Summary and Keywords
Vinaya rules are stipulations and advice that guide the Buddhist community (saṃgha) of monks and nuns. They are generally considered to be the basis of monastic life. Without these rules, there is no saṃgha; and without the saṃgha, so it is said, there is no dharma (doctrine). While the rules are attributed to the Buddha, it is clear that they developed over time, influenced by the continuous spread of the Buddhist community throughout the Indian subcontinent in the centuries following the Buddha’s demise. Different traditions gradually arose, each with its own set of vinaya rules. These rules display many similarities, but also differ in some significant respects.
With the spread of the Buddhist saṃgha in South, Southeast, and East Asia in the first centuries ce, new guidelines were added to the traditional Indian vinaya rules. Although these rules have their own identifying terms—such as “bodhisattva rules” or “rules of purity”—they are often also designated by the term “vinaya,” in modern times used as a concept that encompasses all monastic, and sometimes even lay, Buddhist guidelines. In addition, many manuals and commentaries were written, adding further guiding principles. When written by very inspirational masters, these commentaries sometimes superseded the original vinaya guidelines. This phenomenon led to greater regional interpretation of how vinaya ought to be understood.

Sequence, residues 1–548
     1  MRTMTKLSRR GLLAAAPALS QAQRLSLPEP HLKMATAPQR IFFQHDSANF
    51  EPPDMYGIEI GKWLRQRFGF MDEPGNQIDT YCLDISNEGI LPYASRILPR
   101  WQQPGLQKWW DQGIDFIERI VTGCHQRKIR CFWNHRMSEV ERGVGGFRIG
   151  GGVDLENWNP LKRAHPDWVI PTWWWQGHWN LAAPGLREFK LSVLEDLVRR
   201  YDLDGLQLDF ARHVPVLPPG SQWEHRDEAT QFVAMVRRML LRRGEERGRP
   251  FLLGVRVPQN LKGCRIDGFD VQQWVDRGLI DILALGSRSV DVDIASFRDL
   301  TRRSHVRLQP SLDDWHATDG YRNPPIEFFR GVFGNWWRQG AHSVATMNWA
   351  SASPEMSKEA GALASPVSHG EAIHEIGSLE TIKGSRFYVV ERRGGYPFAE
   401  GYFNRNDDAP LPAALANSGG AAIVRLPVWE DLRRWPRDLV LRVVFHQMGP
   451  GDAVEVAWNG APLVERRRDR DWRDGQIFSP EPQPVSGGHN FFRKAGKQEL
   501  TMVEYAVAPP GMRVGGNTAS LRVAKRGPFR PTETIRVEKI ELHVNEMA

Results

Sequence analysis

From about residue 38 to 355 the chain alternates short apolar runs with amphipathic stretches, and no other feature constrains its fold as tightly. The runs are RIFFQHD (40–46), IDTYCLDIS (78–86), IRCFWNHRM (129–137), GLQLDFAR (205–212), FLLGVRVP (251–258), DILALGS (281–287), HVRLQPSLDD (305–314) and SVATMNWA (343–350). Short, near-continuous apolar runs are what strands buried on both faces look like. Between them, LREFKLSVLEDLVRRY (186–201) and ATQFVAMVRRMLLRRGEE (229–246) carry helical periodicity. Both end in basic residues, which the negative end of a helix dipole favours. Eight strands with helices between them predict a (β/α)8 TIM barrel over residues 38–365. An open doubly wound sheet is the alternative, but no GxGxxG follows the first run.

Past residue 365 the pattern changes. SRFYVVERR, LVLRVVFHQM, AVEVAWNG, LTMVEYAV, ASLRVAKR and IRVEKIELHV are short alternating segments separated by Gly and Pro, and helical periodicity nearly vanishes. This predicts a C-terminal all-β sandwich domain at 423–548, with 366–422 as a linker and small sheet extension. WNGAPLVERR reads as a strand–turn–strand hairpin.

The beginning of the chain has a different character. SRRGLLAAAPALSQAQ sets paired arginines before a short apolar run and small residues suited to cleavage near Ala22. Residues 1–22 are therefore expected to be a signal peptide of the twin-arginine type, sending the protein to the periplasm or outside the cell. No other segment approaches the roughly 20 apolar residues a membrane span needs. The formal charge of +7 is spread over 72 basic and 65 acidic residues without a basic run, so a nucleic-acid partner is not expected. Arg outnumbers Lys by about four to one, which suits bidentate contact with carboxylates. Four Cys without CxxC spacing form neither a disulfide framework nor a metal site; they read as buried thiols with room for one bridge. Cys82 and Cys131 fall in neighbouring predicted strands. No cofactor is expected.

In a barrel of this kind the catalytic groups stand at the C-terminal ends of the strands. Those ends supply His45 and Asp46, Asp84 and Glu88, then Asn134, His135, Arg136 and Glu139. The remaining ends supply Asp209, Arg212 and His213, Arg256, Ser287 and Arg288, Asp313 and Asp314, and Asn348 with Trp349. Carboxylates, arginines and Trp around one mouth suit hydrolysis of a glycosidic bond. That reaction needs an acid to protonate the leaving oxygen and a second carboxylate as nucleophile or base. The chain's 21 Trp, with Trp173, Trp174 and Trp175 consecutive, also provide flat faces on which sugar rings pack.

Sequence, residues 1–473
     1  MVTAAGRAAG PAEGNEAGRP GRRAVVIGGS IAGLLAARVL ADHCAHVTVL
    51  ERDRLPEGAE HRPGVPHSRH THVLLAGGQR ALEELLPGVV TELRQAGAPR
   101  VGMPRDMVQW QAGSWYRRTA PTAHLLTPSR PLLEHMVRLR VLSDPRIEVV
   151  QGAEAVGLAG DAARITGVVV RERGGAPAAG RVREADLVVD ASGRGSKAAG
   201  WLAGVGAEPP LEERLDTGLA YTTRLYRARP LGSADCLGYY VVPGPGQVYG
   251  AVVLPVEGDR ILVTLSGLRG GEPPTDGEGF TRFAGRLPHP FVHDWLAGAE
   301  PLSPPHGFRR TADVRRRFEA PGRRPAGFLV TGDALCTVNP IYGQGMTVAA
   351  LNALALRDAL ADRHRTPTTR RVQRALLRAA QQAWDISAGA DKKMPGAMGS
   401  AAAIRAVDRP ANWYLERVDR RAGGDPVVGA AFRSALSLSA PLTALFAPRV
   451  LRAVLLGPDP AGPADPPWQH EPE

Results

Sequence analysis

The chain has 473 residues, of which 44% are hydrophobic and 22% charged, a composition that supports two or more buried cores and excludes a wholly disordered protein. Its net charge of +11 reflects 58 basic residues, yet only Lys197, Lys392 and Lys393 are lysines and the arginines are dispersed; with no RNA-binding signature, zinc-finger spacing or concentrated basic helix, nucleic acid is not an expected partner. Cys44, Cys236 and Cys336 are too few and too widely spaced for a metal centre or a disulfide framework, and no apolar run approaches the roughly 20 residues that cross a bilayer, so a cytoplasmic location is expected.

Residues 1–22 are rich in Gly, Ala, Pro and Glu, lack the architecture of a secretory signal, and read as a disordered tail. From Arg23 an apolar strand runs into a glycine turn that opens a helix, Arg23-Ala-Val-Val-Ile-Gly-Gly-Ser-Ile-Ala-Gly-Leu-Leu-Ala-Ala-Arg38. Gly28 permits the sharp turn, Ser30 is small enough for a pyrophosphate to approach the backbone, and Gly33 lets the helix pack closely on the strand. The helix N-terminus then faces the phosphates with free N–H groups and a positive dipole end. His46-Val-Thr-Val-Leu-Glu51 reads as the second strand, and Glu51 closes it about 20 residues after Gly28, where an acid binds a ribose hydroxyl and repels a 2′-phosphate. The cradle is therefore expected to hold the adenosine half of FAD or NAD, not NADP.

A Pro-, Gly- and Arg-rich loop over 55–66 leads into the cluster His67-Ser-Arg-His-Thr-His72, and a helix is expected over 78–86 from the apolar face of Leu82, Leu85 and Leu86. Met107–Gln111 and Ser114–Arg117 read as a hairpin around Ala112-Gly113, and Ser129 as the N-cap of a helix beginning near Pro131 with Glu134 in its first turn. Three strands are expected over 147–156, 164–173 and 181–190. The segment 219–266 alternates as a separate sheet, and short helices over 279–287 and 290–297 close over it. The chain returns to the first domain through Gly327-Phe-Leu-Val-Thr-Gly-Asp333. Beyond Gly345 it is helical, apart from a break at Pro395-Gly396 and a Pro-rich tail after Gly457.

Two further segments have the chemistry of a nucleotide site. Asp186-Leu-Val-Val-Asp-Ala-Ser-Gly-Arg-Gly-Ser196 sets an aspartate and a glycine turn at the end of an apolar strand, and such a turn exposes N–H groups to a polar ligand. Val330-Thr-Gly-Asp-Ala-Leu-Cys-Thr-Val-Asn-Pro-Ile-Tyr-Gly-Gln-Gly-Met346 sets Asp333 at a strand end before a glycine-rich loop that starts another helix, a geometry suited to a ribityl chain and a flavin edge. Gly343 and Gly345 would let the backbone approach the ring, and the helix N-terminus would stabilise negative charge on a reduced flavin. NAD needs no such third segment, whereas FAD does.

Access to the complete content on Oxford Research Encyclopedia of Religion requires a subscription or purchase. Public users are able to search the site and view the abstracts and keywords for each book and chapter without a subscription. If you are a student or academic complete our librarian recommendation form to recommend the Oxford Research Encyclopedias to your librarians for an institutional free trial.
If you have purchased a print title that contains an access token, please see the token for information about how to register your code.